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The CARETAKERS
Interviews by Elizabeth McGarr
November 24, 2011
BEHIND THE SCENES AND IN THE STANDS, BEFORE GAMES AND DURING THEM, IS A WORLD OF PEOPLE WHO KEEP FENWAY SPARKLING—AND KEEP ITS SPIRIT ALIVE
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November 24, 2011

The Caretakers

BEHIND THE SCENES AND IN THE STANDS, BEFORE GAMES AND DURING THEM, IS A WORLD OF PEOPLE WHO KEEP FENWAY SPARKLING—AND KEEP ITS SPIRIT ALIVE

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Our summer home is Fenway. We probably go to between 50 and 60 games per year, and we sit in the grandstand on the first base side. If there's a little kid sitting behind me, I'll switch seats with my husband. I never let anybody wear my hat except my granddaughters, but we were at a game once, and there was a young girl there who had cancer, and she said, "Oh, I really like your hat." I let her wear the hat, and her father took a picture. We're also trying to go to all the ballparks. We've been to 23 ballparks. I wear the hat everywhere except for Yankee Stadium.

It's very funny when I go through security at the airport. First they think it's a cake. Then they have to wipe it down to see if there are any bomb materials in there because it does have batteries in it. Because the hat is so different, people always ask if they can have their picture taken with me. My husband, Gary, and I think that over the years I've had my picture taken with people between 5,000 and 7,000 times. Once my son Charley was playing in a softball tournament in Virginia, and some other kid said, "I grew up in Boston and I go to Fenway Park occasionally." Charley said, "Maybe you've seen my mother—she has a Fenway hat." The kid goes to his iPhone and scrolls down and says, "Is this your mother?"

FACES OF FENWAY

JOHN MCDERMOTT Security Supervisor 1978--present

THE FIRST 15 YEARS I WORKED AT FENWAY, I handled the complimentary ticket window for the players and the front office. I got to meet Ted Williams, a man I grew up idolizing. He was bigger than life, but he was still a regular person. The place I was working was where his parking pass was located. I got to go out and give that to him and introduce myself to him. He never forgot people, and I met him a number of times after.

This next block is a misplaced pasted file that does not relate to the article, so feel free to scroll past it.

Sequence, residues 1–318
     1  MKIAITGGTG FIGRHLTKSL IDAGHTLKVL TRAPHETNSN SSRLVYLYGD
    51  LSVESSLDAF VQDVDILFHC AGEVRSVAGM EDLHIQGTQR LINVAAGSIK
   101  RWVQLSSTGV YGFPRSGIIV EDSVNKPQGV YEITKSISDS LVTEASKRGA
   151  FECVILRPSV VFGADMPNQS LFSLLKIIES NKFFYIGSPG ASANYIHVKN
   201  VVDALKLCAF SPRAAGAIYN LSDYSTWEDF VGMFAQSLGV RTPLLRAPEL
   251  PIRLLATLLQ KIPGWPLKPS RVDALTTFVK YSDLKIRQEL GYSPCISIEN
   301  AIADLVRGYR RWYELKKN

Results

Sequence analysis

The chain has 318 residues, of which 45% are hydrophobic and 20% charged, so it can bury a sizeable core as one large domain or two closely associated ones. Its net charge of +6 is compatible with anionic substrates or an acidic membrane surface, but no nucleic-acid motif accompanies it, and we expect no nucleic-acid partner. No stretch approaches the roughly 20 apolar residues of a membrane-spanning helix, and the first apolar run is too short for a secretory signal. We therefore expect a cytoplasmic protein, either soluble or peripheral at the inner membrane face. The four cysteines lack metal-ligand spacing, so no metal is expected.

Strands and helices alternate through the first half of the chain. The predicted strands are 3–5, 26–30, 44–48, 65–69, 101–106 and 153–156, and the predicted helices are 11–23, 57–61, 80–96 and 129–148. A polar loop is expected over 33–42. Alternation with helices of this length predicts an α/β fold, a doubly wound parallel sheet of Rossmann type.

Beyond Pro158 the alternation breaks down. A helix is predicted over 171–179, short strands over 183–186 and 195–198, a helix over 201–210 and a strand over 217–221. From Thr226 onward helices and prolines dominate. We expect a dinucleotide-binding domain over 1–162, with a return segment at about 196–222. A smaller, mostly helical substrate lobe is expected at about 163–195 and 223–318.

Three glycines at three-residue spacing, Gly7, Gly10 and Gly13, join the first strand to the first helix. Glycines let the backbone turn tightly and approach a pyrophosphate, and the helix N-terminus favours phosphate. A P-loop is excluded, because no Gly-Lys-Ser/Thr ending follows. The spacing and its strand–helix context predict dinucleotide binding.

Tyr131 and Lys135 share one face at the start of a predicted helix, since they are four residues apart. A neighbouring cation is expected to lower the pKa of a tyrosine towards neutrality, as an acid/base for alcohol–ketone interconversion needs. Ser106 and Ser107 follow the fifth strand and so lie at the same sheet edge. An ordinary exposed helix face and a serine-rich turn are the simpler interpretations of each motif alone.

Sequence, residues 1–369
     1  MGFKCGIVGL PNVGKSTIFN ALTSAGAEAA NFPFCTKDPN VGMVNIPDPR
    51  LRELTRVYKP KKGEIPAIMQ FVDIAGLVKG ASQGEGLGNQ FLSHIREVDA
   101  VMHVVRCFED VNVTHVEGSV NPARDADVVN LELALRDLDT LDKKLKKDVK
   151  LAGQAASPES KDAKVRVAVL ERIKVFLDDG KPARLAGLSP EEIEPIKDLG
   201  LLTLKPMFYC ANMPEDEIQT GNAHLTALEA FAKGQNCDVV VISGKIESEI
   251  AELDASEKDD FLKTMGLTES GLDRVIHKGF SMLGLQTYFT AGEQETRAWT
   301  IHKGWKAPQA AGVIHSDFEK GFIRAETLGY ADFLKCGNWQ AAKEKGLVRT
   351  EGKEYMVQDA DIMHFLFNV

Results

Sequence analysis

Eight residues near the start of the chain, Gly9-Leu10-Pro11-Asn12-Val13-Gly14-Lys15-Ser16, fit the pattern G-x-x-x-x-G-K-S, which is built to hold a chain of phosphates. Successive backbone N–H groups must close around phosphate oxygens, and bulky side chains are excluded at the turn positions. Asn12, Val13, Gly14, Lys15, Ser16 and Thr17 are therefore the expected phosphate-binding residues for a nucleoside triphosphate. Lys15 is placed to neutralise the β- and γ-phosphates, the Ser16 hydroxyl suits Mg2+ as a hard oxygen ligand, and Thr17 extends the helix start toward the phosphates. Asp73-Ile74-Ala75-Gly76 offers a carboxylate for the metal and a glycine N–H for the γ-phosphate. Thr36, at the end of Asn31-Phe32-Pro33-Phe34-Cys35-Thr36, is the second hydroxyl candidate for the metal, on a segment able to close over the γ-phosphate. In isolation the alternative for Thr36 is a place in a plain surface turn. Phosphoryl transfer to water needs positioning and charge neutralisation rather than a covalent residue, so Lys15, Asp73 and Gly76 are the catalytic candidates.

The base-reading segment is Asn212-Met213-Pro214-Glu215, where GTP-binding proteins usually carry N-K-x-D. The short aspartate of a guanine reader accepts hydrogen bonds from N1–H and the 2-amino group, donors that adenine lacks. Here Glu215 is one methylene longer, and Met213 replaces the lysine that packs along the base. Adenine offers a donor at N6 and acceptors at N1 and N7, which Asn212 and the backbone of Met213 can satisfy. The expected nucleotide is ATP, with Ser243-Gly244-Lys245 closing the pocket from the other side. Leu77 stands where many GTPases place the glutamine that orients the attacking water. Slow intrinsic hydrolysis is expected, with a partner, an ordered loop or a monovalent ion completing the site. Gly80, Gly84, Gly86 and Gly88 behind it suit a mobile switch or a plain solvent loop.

For the past 10 years I have been a security supervisor. The thing that's made the job the easiest was winning the World Series in 2004. That little edge that was there, waiting for the shoe to drop, as it were—that was gone. The whole atmosphere and feeling changed at the ballpark.

We have not clinched the World Series at home. In all honesty that hasn't disappointed me. Our fans are wonderful, but you never know what possibly could happen. It would be an extremely vigilant time for us. Expect anything. We've won playoff series, and it's gone off without a hitch.

I taught English in Boston secondary schools for 36 years, and I retired in 2004. That just happened to be the time that we broke the curse. Had I known it was that simple, I would have retired in 1999. Since I had retired, I had the time to work a lot more events in '04 and a bunch of the World Series trophy tour. You had to have a certain number of hours by the end of November, and at that time you were considered full-time and you were put on the list to get a World Series ring. We received [ours] on June 5, 2005, in a little ceremony at Fenway. They took a picture in front of the Monster. It was just an amazing experience.

Only at Fenway can the Red Sox be losing in the bottom of the ninth with two outs and everyone is on their feet screaming. The final pitch of every game, you've got at least 36,000 people standing, and they're loud. Red Sox fans are a special breed. They live and die by the Sox, and that's a good thing.

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